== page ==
Chapter 31: Primary Immunodeficiency

 Two types of immunodeficiency present: 1. Primary immunodeficiency: Has a genetic basis and is rare.

2. Secondary immunodeficiency: Caused by lesions outside the immune system; treating the external problem will improve the immune response.

 Healthy individuals experience infections; and this is true in early life when immunity to common pathogens has not developed.  Repeated or unusual infection is an important sign of immunodeficiency and the type of infection gives clues to the cause and degree of immunodeficiency. Examples:  Repeated infection with encapsulated bacteria is a sign of defective antibody production.  Antibody (IgG and IgA) is the main defense against respiratory tract infection, and antibody deficiency causes recurrent respiratory infection caused by Pneumococcus or Haemophilus spp., which leads to irreversible damage to the bronchi: bronchiectasis.  Infections with staphylococci, gram-negative bacteria, and fungi are characteristic of a reduced number or abnormal function of phagocytes.  Terminal (late) complement defects predispose to meningitis caused by Neisseria meningitidis.  Defects in T cells or macrophages predispose to infection with intracellular organisms such as protozoa, viruses, and intracellular bacteria, including mycobacteria.

 Reactivation of latent herpes virus infection is particularly linked to T-cell immunodeficiency, so
recurrent attacks of cold sores (Herpes simplex) or shingles (Herpes varicella zoster) may suggest mild immunodeficiency.

 Herpesvirus-induced tumors, [Kaposi's sarcoma (Human herpes virus 8) and non-Hodgkin's
lymphoma (Epstein-Barr virus)], are characteristic of T-cell dysfunction.

 Mycobacterium tuberculosis is a virulent organism causing lung infection in immunocompetent
people. In mild T-cell immunodeficiency, the same organism spreads outside the lungs. More severe immunodeficiency predisposes to widespread infection with mycobacteria of low virulence normally found in the environment (e.g., Mycobacterium avium intracellulare complex).


‫لجنة الطب البشري‬

 CAUSES OF PRIMARY IMMUNODEFICIENCY: (refer to fig 31.2 page 254)
 The causes of primary immunodeficiencies can be classified as: 1. Mutations: rare, affect any part of the immune system and cause severe disease. 2. Polymorphisms: very common traits; affect any part of the immune system and cause a moderate increased risk for infection. 3. Polygenic disorders: relatively common, affect mainly antibodies and cause severe disease.

Mutations and immunodeficiency: (refer to fig31.3 page 255)  More than 100 mutations leading to immune deficiency are known.  Many mutations result in severe combined immunodeficiency (SCID), which refers to a group of disorders affecting both T and B cells.

 SCID is the most severe type of primary immunodeficiency and can be caused by:
1. 2. 3. Cytokine γ chain receptor defects (X-linked). Rag mutations (Autosomally inherited). Mutations in Zap-70.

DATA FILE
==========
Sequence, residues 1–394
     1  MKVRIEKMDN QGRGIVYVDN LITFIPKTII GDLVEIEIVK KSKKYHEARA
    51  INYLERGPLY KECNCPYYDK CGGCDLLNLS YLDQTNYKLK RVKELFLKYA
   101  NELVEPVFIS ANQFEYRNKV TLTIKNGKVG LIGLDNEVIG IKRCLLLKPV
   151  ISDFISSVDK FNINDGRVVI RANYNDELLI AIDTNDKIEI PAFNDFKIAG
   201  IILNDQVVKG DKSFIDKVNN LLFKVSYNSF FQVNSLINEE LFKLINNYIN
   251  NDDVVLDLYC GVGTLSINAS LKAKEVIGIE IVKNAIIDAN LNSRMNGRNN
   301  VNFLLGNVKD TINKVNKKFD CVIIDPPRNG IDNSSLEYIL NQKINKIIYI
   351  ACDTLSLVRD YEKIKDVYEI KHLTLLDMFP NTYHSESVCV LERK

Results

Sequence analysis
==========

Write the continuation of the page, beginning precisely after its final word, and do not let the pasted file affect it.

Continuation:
 The DiGeorge syndrome is caused by a large part of chromosome 22 being translocated to other chromosomes. Polymorphisms and immunodeficiency:


‫لجنة الطب البشري‬

 Genetic polymorphisms are alleles (different forms) of the same gene occurring at a single locus in at least 1% of the population.  Human leukocyte antigen (HLA) alleles are polymorphic and affect the outcome of infections, including hepatitis B, hepatitis C, and HIV.

 Individuals with HLA alleles that are unable to bind viral peptides have a worse outcome.
Polymorphisms of chemokines and their receptors associated with risk of HIV.

 Polymorphisms in MBL and complement affect the risk for infections.
 Polymorphisms persist in different frequencies in different populations, affected by prevalent infections. [The hemoglobin S polymorphism (sickle cell anemia) protects against malaria and is more common in populations living in, or with origin in, malarious zones]. Polygenic disorders:  Polygenic disorders are caused by the interaction of several genes, with a contribution from environmental factors.  Common variable immunodeficiency (CVID) and IgA, IgG2, and specific antibody deficiency are relatively common polygenic disorders affecting mainly antibody production.  IgA deficiency affects about 1 in 600 people, but infections are only seen in about one third of patients. Celiac disease is more common in patients with IgA deficiency.  CVID occurs in about 1 in 20,000 young people, affecting men and women equally.  CVID is the most common primary immunodeficiency requiring treatment.

 Patients have low levels of total IgG.  CVID causes recurrent bouts of infection of the respiratory tract, starting in early adult life.
Infections involving the gut, skin, and nervous system also occur.

 Autoimmunity is common in CVID and frequently includes pernicious anemia and thyroid
disease, arthritis, and immune thrombocytopenia.

Although 25% of patients have a family history of either CVID or IgA deficiency, environmental
factors are also important.  Anti-rheumatic and anticonvulsant drugs can precipitate both IgA deficiency and CVID. . Specific antibody deficiency is often seen transiently during infancy and permanently following splenectomy.  IgG2 deficiency:  The affected individuals have a tendency to develop recurrent infections with Pneumococcus or Haemophilus spp.


‫لجنة الطب البشري‬

 IgG2 is a subclass of IgG produced in response to polysaccharide antigens by B cells in the
spleen (B-1 cells) without T-cell help.